Author : Avijit Goel

Expert Speak Raisina Debates
Published on Jun 27, 2018
Yemen’s war: Is the end near?

Source Image: YouTube

File photo of a street fight as the Arab alliance closes in to capture Yemen's Hodeidah airport

With its first spark in Tunisia, the Arab Spring domino has been disastrous for many of the geographies it rolled into. Largely, three directional courses were charted. The first (and most harmless) course had governments respond with lethal threat and force. The second course had countries recoil and spring back semblances of people’s rule, only to be upstaged by multi players. The last were a set of unfortunate geographies, which are still at war. Years on and counting.

Yemen belongs to the third course, and has been rather unfortunate in these turn of events. One of the poorest countries in the West Asia, its already pulverised infrastructure and economy became a proxy military battleground for regional powers. (Read Shia and Sunni regional powers). Though the numbers are disputed, Shia Muslims are believed to represent close to 35% of Yemen’s population, while the Sunnis constitute 65%. A weak economy, a partly stateless geography with too much of each sub-group population for the others comfort. Welcome, disaster.

The Houthis are a predominantly Zaidi Shia (Zaidi or the Five Imam Shias, slightly different from their Shia brethren in Iran, who are Imamiyyah or Twelve-Imam Shias) political movement based in Saada in northern Yemen. They have been waging a low intensity insurgency against the Yemeni government for more than a decade now, and the country had seen various stages of ceasefire and conflict in the last decade and a half. The conflict and disagreements started taking stronger direction after the Arab Spring (2011), and the Houthis were part of the political dialogue process that emerged in Yemen. However, in January 2015, unhappy with a proposal to split the country into six federal regions, they became disillusioned and turned against the government, fearing the Gulf-sponsored political deal was designed to weaken their influence.

The Yemen war began in March 2015, when a Saudi-led coalition of Arab states launched air strikes against Houthi targets after the group started to advance towards southern Yemen.

Three years on, with mounting civilian and military casualties, this war has perpetuated fears of a full blown regional war between Shia and Sunni powers and waxing and waning influence of each of the sides in the duration. Estimates on war fighting casualties range from 10,000-35,000 with more than 60,000 wounded.

The biggest impact however, has been widespread starvation and a cholera outbreak in this time. With thousands dead to cholera and more than 8 million Yemenis at the risk of starvation, this is one of the biggest humanitarian crises confronting the world.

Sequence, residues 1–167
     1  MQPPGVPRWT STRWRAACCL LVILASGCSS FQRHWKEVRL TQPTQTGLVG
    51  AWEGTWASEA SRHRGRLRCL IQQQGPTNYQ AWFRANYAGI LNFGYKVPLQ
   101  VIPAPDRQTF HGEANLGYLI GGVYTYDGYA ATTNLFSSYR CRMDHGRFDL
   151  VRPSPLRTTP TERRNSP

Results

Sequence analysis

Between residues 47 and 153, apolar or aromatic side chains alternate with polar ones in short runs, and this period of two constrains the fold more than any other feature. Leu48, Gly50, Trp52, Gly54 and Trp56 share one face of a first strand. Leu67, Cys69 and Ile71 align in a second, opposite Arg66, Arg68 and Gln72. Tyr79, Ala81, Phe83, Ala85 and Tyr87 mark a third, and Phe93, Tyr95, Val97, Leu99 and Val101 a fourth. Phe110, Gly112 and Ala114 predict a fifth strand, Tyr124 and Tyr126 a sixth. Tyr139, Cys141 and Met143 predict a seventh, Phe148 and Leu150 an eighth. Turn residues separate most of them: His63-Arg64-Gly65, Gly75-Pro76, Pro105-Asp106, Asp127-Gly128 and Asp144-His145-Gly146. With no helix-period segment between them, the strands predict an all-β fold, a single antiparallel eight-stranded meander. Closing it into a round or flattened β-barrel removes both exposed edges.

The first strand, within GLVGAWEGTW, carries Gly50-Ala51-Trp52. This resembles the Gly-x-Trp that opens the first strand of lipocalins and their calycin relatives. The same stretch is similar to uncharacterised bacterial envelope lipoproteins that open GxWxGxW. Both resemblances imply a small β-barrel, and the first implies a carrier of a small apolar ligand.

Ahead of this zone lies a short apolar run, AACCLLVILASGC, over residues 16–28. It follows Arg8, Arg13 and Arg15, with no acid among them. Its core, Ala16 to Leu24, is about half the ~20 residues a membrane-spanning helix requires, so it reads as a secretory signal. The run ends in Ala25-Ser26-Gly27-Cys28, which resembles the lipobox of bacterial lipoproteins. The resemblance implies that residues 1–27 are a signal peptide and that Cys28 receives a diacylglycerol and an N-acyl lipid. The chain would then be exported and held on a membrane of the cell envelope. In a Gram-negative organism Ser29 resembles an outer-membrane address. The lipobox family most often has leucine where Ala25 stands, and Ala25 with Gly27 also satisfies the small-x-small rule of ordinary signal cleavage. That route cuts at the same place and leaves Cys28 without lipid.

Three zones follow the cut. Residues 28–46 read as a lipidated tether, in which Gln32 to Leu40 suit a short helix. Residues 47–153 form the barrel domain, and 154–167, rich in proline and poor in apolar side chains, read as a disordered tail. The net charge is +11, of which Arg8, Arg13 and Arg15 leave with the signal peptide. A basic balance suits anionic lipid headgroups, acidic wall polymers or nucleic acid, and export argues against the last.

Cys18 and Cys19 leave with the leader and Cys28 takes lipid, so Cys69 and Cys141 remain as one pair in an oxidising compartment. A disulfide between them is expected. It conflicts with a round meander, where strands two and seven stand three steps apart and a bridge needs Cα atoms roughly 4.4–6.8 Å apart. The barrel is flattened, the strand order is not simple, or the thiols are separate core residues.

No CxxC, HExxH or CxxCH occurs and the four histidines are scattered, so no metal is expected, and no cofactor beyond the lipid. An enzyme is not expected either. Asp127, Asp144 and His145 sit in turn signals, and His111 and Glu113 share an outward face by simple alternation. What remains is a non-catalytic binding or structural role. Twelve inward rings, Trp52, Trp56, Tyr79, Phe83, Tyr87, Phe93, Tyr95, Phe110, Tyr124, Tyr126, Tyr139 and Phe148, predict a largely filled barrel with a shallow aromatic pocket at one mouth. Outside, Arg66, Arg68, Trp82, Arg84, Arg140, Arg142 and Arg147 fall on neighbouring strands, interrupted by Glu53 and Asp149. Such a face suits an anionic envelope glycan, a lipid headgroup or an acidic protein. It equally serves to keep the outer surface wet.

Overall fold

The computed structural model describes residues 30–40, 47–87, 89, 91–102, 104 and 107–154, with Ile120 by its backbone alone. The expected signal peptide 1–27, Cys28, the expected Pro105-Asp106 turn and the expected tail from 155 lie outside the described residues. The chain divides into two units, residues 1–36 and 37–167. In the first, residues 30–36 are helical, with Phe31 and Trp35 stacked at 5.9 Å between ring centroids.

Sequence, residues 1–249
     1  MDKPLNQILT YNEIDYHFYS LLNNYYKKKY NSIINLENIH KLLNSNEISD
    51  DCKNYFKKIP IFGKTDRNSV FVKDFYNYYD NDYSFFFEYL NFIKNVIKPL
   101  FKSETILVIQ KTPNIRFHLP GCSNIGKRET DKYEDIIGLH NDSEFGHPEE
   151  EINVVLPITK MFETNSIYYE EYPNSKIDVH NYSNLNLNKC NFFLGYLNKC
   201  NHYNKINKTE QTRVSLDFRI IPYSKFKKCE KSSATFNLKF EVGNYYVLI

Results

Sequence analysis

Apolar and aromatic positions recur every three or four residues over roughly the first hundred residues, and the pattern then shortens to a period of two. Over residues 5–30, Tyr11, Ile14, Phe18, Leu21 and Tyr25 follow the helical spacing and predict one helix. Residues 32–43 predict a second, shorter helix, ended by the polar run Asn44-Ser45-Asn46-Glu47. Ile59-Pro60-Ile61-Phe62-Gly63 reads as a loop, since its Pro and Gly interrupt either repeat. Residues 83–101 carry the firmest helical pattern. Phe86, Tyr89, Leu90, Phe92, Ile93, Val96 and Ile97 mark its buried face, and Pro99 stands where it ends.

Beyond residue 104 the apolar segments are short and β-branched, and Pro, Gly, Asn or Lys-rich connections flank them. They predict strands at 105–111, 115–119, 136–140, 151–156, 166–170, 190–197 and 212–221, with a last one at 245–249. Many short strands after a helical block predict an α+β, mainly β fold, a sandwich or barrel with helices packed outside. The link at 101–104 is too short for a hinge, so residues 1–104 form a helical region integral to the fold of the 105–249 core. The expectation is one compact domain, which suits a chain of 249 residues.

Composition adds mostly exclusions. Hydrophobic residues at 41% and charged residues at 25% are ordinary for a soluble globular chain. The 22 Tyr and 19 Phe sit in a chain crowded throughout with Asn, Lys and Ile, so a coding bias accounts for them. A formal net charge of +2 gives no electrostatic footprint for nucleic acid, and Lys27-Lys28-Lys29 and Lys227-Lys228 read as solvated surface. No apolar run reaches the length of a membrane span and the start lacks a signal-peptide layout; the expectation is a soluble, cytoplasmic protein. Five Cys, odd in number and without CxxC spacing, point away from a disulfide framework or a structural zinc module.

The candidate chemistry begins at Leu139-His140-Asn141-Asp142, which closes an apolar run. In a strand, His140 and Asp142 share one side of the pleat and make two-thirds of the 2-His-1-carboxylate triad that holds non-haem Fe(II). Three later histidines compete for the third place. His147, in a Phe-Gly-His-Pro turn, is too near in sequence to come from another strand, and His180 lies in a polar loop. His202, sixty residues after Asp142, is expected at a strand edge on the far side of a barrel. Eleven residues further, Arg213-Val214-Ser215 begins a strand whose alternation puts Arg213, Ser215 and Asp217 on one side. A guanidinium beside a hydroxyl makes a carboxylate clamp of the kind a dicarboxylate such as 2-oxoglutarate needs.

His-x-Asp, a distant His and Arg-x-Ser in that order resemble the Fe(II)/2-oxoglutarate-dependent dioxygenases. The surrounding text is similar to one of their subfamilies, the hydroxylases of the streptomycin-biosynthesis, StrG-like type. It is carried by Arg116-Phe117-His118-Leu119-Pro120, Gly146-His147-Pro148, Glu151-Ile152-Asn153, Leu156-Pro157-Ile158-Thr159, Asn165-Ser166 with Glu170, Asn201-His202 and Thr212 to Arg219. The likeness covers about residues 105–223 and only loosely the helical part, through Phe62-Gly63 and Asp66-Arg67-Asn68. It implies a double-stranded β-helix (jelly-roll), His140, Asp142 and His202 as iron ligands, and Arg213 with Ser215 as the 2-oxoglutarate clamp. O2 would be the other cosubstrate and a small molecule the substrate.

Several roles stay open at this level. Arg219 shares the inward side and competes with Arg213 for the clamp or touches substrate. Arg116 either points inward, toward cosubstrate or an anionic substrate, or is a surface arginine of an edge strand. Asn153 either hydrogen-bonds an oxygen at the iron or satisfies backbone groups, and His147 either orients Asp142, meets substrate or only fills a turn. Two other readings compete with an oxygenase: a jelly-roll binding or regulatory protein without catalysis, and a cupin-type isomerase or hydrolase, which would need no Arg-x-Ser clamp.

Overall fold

And this comes to a crucial juncture now. A decisive turn.

The UAE/Saudi coalition just recently launched (13 June, 2018) an all-out operation against the Houthi controlled western port city of Hodeidah.

Hodeidah is Yemen’s lifeline. Even before the war, it handled most imports in a country where a staggering 90 per cent of food had to be imported.

As Yemen’s key commercial centre, through which more than 70 per cent of the country’s imports, food and aid shipments flow, an offensive by the Saudi coalition to retake the city has always been inevitable.

Source: Risk Intelligence, AFP

Seized by the Houthis early in the now three-year-old war, the city has been subject to a Saudi-led coalition blockade since 2015, which humanitarian organisations say is largely responsible for the fact eight million Yemenis are now living on the brink of famine.

A total sealing of the port in November 2017 by the Saudi coalition is estimated to have pushed an additional three million people into hunger, the World Food Programme says.

Estimates on the sizes of the opposing sides give a distinct advantage to the Saudi-led coalition. The Saudi coalition is estimated to have up to 25,000 fighters, in addition to fighter jets and Apache helicopters, involved in the operation. The Houthis have no more than 10,000, mostly inexperienced fighters around Hodeidah.

And now the possible outcomes. Either the Houthis will get pushed to the north entirely and crack into a negotiation or the war will see further protraction of the last three years (with urban guerrilla warfare by the Houthis), sealing off this critical logistical lifeline, and thus deepening the humanitarian crises.

Perhaps Hodeidah will produce the elusive negotiated deal. Perhaps it won’t.

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